How to Make Ribs in a Slow Cooker in 4 Hours

To make ribs in a slow cooker in 4 hours, use high heat.
Image Credit: Nadezhda_Nesterova/iStock/GettyImages

Cooking ribs in a Crock-Pot on high for four hours will result in a tasty main dish. To prepare them, brown the ribs under a broiler for 15 minutes and then place them in a slow cooker with seasonings and sauces. You can vary the flavor by using different dry and wet ingredients.



To make ribs in a slow cooker in four hours, use high heat. First, sprinkle the ribs with salt and pepper and then place them in a slow cooker with barbecue sauce mixed with cola.

Slow-Cooker Boneless Ribs

This tangy ribs recipe is adapted from Slow Cooking, published by Cornell University Cooperative Extension of Cayuga County. It yields two to three servings.

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  • 1 cup vinegar
  • 1/2 cup ketchup
  • 2 tablespoons sugar
  • 2 tablespoons Worcestershire sauce
  • 1 garlic clove, minced
  • 1 teaspoon paprika
  • 1 teaspoon ground mustard
  • 1/2 teaspoon salt
  • 1/8 teaspoon pepper
  • 2 pounds pork spareribs



  1. Mix all the ingredients, except the ribs, in a slow cooker.
  2. Cut the ribs into serving-size pieces.
  3. Place them under the broiler for 15 minutes to brown.
  4. Discard the excess fat that drips into the broiling pan.
  5. Put the ribs in a slow cooker and cover.
  6. Cook four to six hours, on low, or until tender.

Instead of calling for a dry rub, this recipe suggests mixing the dry and wet ingredients together. Other recipes suggest spreading the dry ingredients over the ribs and then adding sauces afterward. An example of a Crock-Pot ribs dry rub might include a mixture of brown sugar, white sugar, chili powder, oregano, salt, black pepper, cayenne pepper and oregano.


As a variation, try a recipe for Crock-Pot ribs with Coke. For 3 pounds of ribs, combine a bottle of barbecue sauce with 6 ounces of cola. Sprinkle salt and pepper over the ribs and place them in the slow cooker with all but 1/2 cup of the sauce. Cook on low heat for eight hours or on high heat for four hours. When done, brush on the reserved sauce.

Read more: The Best Way to Cook Pork Ribs in a Slow Cooker


Cooking Ribs in an Oven

In an interview with, Executive Chef Luis Cuadra at the District in Los Angeles, California, shares advice on how to prepare ribs. Aside from cooking them in a slow cooker, you may also cook them in the oven.

According to Cuadra, cooking baby back ribs in a 200-degree-Fahrenheit oven takes about four to five hours. However, the time varies, depending on the size of the racks and the type of oven that's being used. "I would recommend checking them for tenderness after the fourth hour," Cuadra says. "The trick is to not cook them until they are falling off the bone but to cook them right up to the point before that happens."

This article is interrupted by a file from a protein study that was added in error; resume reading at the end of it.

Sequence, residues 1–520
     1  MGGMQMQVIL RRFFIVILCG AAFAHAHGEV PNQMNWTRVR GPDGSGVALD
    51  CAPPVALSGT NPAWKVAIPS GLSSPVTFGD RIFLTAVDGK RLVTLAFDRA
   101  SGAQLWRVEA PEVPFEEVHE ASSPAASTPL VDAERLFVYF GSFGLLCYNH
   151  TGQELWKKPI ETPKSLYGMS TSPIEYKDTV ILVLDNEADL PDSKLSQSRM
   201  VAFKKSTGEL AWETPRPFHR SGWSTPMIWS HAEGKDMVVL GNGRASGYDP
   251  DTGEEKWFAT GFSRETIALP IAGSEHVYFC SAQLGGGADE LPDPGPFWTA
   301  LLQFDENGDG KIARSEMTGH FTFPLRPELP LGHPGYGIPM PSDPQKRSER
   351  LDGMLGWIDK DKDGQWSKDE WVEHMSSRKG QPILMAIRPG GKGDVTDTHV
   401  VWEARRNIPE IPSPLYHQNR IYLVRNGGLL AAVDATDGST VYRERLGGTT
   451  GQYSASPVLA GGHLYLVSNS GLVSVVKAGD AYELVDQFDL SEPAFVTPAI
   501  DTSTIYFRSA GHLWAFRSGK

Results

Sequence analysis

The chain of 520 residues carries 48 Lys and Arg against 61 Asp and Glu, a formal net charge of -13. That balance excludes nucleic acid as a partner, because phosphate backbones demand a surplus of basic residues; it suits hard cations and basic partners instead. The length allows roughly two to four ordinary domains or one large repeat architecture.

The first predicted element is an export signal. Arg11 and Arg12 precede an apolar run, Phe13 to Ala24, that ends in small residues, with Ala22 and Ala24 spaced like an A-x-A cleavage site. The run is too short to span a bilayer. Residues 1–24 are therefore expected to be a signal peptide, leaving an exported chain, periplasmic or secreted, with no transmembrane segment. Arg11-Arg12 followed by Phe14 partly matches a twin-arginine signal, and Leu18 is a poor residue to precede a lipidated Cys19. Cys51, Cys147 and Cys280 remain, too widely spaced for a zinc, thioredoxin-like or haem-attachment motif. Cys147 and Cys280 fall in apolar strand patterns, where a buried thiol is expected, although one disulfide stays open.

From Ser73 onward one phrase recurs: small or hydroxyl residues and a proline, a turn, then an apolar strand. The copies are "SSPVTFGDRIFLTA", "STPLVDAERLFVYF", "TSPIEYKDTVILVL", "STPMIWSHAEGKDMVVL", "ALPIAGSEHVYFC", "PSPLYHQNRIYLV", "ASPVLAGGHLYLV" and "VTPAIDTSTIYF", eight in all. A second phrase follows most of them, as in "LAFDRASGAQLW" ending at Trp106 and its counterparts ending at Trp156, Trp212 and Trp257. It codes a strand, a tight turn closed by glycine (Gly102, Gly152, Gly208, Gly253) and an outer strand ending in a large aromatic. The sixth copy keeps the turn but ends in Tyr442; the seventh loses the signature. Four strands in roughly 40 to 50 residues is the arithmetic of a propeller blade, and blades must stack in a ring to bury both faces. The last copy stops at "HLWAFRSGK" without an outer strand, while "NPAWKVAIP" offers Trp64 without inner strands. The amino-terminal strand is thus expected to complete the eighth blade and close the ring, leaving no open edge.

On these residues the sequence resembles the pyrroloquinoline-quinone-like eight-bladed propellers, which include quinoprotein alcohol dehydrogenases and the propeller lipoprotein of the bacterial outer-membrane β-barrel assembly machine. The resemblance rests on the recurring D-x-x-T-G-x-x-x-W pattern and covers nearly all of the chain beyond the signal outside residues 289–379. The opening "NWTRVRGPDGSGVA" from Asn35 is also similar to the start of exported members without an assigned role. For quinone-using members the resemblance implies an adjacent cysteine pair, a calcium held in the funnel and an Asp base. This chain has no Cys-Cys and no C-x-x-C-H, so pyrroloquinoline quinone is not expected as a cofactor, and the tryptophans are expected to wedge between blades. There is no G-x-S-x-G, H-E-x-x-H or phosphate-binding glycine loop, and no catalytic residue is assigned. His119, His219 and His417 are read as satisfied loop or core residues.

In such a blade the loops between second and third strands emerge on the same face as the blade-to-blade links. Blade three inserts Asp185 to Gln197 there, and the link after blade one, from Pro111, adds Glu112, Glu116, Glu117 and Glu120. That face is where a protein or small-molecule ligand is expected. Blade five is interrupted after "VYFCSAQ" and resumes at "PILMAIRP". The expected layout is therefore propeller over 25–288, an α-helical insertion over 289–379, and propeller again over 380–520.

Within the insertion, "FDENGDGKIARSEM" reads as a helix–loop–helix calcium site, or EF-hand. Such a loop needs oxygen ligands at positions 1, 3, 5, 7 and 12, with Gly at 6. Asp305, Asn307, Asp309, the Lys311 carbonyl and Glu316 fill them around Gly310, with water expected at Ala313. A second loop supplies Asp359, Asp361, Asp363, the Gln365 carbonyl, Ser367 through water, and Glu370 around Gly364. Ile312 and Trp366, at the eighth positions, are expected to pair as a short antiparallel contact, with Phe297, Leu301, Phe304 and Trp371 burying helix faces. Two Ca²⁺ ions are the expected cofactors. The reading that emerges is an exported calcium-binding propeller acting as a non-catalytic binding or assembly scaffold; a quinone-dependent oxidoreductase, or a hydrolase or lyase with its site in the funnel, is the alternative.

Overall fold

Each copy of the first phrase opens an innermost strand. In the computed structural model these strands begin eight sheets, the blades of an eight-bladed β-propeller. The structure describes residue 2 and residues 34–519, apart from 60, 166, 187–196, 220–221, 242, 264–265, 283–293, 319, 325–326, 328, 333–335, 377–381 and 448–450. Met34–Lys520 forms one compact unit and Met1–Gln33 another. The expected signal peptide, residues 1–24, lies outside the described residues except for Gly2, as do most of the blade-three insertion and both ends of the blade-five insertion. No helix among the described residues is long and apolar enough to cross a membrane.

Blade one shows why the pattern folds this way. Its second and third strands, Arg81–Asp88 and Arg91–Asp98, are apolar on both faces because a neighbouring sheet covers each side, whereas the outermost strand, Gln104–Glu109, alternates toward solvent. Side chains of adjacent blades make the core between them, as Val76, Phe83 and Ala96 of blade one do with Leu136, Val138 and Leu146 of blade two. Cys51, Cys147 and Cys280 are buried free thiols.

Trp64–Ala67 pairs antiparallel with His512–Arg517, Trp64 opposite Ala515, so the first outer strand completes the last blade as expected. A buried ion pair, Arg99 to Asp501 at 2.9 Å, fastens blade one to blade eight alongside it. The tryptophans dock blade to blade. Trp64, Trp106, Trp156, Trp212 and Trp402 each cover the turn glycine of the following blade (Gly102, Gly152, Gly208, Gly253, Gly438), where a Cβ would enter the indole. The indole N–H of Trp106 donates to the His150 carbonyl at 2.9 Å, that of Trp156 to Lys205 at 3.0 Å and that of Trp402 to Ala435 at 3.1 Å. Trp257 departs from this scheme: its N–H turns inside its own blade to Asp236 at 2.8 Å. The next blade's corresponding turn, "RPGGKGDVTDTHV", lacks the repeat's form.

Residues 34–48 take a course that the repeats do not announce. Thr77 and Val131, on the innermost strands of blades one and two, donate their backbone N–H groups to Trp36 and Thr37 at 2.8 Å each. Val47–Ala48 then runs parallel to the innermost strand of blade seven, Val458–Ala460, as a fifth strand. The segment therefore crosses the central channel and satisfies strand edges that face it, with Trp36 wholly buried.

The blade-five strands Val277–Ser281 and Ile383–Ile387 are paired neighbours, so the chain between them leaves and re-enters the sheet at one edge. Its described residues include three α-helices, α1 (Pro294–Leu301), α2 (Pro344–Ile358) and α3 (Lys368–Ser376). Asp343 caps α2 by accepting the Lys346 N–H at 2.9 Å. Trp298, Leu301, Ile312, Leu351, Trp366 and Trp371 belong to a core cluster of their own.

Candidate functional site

Remove them from the oven at this stage, allow them to cool and cut them into half-racks for easier handling. Then, after glazing them with barbecue sauce, finish them off on a hot grill. "They'll be just right and not overcooked or too fragile to work with," Cuadra notes.

Cuadra says that this method does the trick:

  1. Spread the ribs with mustard and a generous amount of barbecue rub.
  2. Wrap each rack tightly in foil.
  3. Bake in an oven heated to 300 F for 2 1/2 to 3 hours.


"This method gives you a rib rack that is just as great as one that is cooked more slowly," Cuadra states. It's actually the method he currently uses in his restaurant.

Read more: How to Cook Delicious Ribs in the Oven and on the Grill

In an article published by Stratford University in August 2017, Tuffy Stone, a classically trained French chef and owner of Q Barbeque in Glen Allen and Midlothian, Virginia, advocates applying the spice rub about an hour before cooking. This gives the seasonings enough time to penetrate the meat, but isn't long enough to decrease the moisture.



To avoid food-borne illness from bacteria, cook the meat until it reaches a minimum temperature of 145 F, advises the USDA Food Safety and Inspection Service.

Removing Membranes and Bones

Cuadra doesn't always remove the membranes from baby-back ribs, but he suggests removing them if the rib racks are large. "Typically, scoring the relatively thin membrane with your knife three or four times, running down the whole length of the ribs, provides a great finished product," he says. "This practice, along with cooking them for hours, allows the membrane to break down and be a nonissue."


If you'd like to remove the membrane, first dry the racks so they're less-slippery. "Then, look for any area where the membrane has begun to peel off," Cuadra suggests. "With a paper towel, pinch the membrane and gently but firmly tug it away from the meat." Removing the membrane shortens the cooking time by 25 percent.

To remove the bones, let the ribs cool to room temperature after baking. "Simply leave the ribs on the baking sheet or cutting board and twist each bone from side to side, clockwise and counterclockwise, to separate the meat from the bone. After a handful of turns, the bones should easily slip out when you pull on them," Cuadra notes.




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